The Home Mortgage Lending Process

By: Timothy McFarlin | Published: August 14th, 2012 | Category: Mortgage Litigation

If you are thinking about buying a home and wondering what procuring a mortgage loan entails, this article is for you. Like any legal or fiscal process, it’s always good to know what to expect so you are armed with the right documentation, information and questions ahead of time.

Step One: Preparation

Gather all documents pertaining to verification of your income, assets and debts. Income verification may include earning statements, pay stubs, W-2 forms, and tax returns for at least the past two years. If you have additional income in the form of social security, rental properties or from other sources, obtain verification of those income streams as well. Assets may include checking and savings account balances, savings bonds, motor vehicles that you own and have paid in full and any other investments. You should also have documentation of your debts on hand – Think of recurring payments for such things as student loans, car loans and furniture loans.

Step Two: Selecting a Lender

It’s best to do a little bit of light research when it comes to selecting a lender. Consider who you currently bank with (Bank of America, First Republic, etc.), and ask friends, family and co-workers if they’ve had good experiences with any lenders. Some banks offer more favorable lending terms if you bank with them – i.e. open savings and checking accounts or move a minimum amount of cash to their bank. Get on the phone with potential lenders or go visit them in person to determine what offers you the best opportunity.

Step Three: The Application

After you select a lender, a mortgage professional at the lending institution will fill out paperwork using the documentation you provide relating to your income, assets and debts. The application requires your signature verifying the information that will be submitted to the bank for review. At this stage, you will be asked for your social security number so that the lending institution can run a credit check. The mortgage professional will also determine which type of loan best suits your situation.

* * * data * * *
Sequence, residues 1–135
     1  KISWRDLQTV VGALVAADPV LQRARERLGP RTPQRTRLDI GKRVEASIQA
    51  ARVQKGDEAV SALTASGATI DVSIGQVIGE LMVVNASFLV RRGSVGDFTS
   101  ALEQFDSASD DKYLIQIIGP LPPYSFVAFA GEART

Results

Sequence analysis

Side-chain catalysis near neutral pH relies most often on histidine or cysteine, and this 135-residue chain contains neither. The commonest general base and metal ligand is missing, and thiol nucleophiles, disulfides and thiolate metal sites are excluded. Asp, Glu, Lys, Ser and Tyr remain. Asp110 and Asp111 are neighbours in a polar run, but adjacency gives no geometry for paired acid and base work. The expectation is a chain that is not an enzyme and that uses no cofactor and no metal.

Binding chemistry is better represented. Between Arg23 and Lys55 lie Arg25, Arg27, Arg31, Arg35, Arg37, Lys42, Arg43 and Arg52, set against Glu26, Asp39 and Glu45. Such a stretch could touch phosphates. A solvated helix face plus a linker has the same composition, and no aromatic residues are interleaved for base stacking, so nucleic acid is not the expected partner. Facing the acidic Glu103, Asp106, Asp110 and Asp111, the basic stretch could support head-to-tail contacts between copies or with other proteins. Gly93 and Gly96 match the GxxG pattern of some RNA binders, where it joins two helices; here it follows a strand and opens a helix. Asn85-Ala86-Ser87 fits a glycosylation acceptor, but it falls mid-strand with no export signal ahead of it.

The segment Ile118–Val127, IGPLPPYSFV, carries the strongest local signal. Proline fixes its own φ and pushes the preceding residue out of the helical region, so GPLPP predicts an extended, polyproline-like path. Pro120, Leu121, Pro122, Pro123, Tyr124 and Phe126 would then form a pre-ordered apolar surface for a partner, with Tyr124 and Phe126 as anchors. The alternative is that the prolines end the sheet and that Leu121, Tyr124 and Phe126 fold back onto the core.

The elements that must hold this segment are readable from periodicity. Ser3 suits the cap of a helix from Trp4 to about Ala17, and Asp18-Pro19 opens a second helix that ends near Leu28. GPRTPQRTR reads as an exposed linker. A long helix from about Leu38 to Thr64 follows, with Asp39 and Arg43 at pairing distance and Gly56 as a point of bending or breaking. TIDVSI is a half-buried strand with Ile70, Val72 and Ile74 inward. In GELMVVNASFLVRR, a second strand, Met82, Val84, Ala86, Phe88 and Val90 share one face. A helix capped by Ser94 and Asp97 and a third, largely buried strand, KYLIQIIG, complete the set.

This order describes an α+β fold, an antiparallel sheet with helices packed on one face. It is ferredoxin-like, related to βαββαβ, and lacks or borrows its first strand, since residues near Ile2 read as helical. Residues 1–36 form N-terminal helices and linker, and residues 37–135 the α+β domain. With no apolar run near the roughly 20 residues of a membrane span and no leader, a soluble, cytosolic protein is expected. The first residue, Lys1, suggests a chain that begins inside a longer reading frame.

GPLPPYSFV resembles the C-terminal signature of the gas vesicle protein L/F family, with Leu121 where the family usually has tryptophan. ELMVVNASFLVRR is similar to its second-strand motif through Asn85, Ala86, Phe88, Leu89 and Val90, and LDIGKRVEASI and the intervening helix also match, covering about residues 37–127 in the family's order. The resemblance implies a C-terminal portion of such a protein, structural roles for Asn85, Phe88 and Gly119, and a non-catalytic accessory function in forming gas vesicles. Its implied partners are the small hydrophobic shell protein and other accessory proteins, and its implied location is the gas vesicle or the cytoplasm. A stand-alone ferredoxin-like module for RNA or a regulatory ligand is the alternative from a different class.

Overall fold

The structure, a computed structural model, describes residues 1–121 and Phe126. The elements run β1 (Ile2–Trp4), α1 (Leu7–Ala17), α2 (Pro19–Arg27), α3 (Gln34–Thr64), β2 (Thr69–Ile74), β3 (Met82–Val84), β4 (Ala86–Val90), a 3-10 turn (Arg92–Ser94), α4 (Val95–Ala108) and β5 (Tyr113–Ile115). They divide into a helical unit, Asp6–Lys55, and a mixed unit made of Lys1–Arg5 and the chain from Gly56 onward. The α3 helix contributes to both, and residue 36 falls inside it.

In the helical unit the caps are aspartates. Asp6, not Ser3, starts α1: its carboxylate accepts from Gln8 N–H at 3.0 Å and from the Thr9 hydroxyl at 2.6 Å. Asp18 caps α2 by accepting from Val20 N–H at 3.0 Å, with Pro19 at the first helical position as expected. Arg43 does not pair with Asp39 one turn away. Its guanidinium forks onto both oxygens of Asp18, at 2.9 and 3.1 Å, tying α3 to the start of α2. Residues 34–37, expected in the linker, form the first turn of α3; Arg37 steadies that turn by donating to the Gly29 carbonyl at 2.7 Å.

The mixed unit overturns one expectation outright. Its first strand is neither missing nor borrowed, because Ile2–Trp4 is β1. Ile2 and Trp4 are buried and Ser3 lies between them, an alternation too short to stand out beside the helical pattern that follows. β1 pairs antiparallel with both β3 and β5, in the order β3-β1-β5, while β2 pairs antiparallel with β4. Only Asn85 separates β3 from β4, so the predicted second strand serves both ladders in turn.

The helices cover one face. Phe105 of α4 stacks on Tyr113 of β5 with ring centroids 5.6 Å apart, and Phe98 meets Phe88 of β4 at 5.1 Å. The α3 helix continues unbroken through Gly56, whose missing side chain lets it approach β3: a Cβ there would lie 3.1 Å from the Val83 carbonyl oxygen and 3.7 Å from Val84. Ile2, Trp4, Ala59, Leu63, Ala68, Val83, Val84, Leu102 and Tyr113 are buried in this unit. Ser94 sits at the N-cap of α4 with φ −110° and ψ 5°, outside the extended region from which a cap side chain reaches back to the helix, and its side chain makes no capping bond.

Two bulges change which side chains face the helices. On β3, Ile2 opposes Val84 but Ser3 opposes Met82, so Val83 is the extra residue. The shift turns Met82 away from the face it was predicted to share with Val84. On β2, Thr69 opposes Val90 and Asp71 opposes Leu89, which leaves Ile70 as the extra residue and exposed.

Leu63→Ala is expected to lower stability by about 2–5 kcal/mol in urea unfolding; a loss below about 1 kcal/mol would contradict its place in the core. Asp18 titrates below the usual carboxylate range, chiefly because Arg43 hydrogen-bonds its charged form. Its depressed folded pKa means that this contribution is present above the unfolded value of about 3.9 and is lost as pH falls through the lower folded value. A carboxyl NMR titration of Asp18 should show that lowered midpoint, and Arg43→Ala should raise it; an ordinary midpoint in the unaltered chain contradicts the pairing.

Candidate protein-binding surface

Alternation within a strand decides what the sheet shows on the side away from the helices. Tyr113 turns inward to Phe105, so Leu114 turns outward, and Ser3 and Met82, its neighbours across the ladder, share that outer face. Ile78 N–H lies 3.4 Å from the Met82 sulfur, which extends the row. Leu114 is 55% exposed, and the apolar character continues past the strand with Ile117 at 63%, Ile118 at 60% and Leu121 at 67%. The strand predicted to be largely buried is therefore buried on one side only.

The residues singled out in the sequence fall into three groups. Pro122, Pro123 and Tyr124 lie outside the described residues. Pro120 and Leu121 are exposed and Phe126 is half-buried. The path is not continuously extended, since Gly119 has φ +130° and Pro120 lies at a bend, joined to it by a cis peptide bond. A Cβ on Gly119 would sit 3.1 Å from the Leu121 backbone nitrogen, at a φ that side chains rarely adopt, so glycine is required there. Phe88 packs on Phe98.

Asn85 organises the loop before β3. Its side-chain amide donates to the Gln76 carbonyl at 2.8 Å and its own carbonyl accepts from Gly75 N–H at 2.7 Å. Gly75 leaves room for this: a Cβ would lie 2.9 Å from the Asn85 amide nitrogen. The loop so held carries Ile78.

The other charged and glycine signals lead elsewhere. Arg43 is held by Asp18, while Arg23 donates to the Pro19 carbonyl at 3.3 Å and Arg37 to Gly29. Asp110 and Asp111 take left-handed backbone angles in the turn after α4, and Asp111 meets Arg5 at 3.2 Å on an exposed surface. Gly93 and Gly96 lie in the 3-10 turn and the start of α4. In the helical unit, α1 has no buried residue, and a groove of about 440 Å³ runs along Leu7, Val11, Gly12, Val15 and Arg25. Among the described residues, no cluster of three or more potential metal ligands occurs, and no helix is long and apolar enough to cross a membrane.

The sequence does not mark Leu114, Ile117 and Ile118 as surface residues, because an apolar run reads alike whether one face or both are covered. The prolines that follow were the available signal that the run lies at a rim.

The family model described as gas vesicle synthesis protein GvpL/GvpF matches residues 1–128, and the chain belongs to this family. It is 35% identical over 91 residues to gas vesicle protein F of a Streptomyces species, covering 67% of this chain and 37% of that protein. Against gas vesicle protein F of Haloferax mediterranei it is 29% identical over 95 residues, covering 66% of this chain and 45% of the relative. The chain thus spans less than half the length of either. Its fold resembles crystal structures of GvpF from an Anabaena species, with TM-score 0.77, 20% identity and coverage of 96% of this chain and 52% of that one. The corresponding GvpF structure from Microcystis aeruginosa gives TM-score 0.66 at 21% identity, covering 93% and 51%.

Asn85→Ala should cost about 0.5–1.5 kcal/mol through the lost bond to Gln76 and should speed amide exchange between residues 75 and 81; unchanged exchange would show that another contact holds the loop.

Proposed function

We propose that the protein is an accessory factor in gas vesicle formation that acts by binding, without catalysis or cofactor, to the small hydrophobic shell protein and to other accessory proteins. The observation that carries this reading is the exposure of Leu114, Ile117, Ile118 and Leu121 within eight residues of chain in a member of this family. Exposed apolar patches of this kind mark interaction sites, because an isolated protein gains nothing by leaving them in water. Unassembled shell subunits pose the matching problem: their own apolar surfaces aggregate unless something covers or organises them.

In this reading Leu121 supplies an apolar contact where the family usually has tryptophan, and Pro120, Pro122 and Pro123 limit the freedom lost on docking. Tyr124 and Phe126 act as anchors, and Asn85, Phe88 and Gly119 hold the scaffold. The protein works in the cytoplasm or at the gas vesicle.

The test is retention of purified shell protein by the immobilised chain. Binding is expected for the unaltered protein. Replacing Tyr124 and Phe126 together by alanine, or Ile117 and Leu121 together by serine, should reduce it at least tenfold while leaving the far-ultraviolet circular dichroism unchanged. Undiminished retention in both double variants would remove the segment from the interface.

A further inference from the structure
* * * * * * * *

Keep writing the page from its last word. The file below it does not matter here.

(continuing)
Step Four: Processing

During this stage, the lending institution reviews your application, verifies the information it contains and acquires your credit report. The processing of your application may take 2-3 weeks or longer, depending on how quickly the lender is able to get in touch with third parties (such as employers, landlords, etc.) for verification requirements. If there are no impediments, the lender will prepare disclosure documents that contain the terms of the loan being offered to you.

Step Five: Mortgage Underwriting

The length of this step varies depending on the volume in the market and whether or not your lender uses automated underwriting or an actual underwriter. The underwriter makes the ultimate decision on whether the loan is granted to you, double checking verification specifics and reviewing the appraisal and title report for the property you are interested in.

Step Six: Closing

If there are no clearing conditions that require you to answer additional verification questions or further explain anything in your application, then you’re almost there! You will have a few days to review the terms of the loan, and then it’s time to return to sign the official loan papers. Make sure that the numbers you see at the close reflect all of the numbers and agreed upon terms in your disclosures. A reputable lender will likely never purposefully change numbers on you, but it’s always good to triple check your terms.

Most importantly, remember that you are paying for this loan – this isn’t free money that the lender is giving you – so you have the right ask as many questions as you want and clarify anything that confuses you! We focus on mortgage litigation at McFarlin LLP and have helped many people deal with mortgage problems and achieve favorable outcomes. Let us know if we can help you.

 

 

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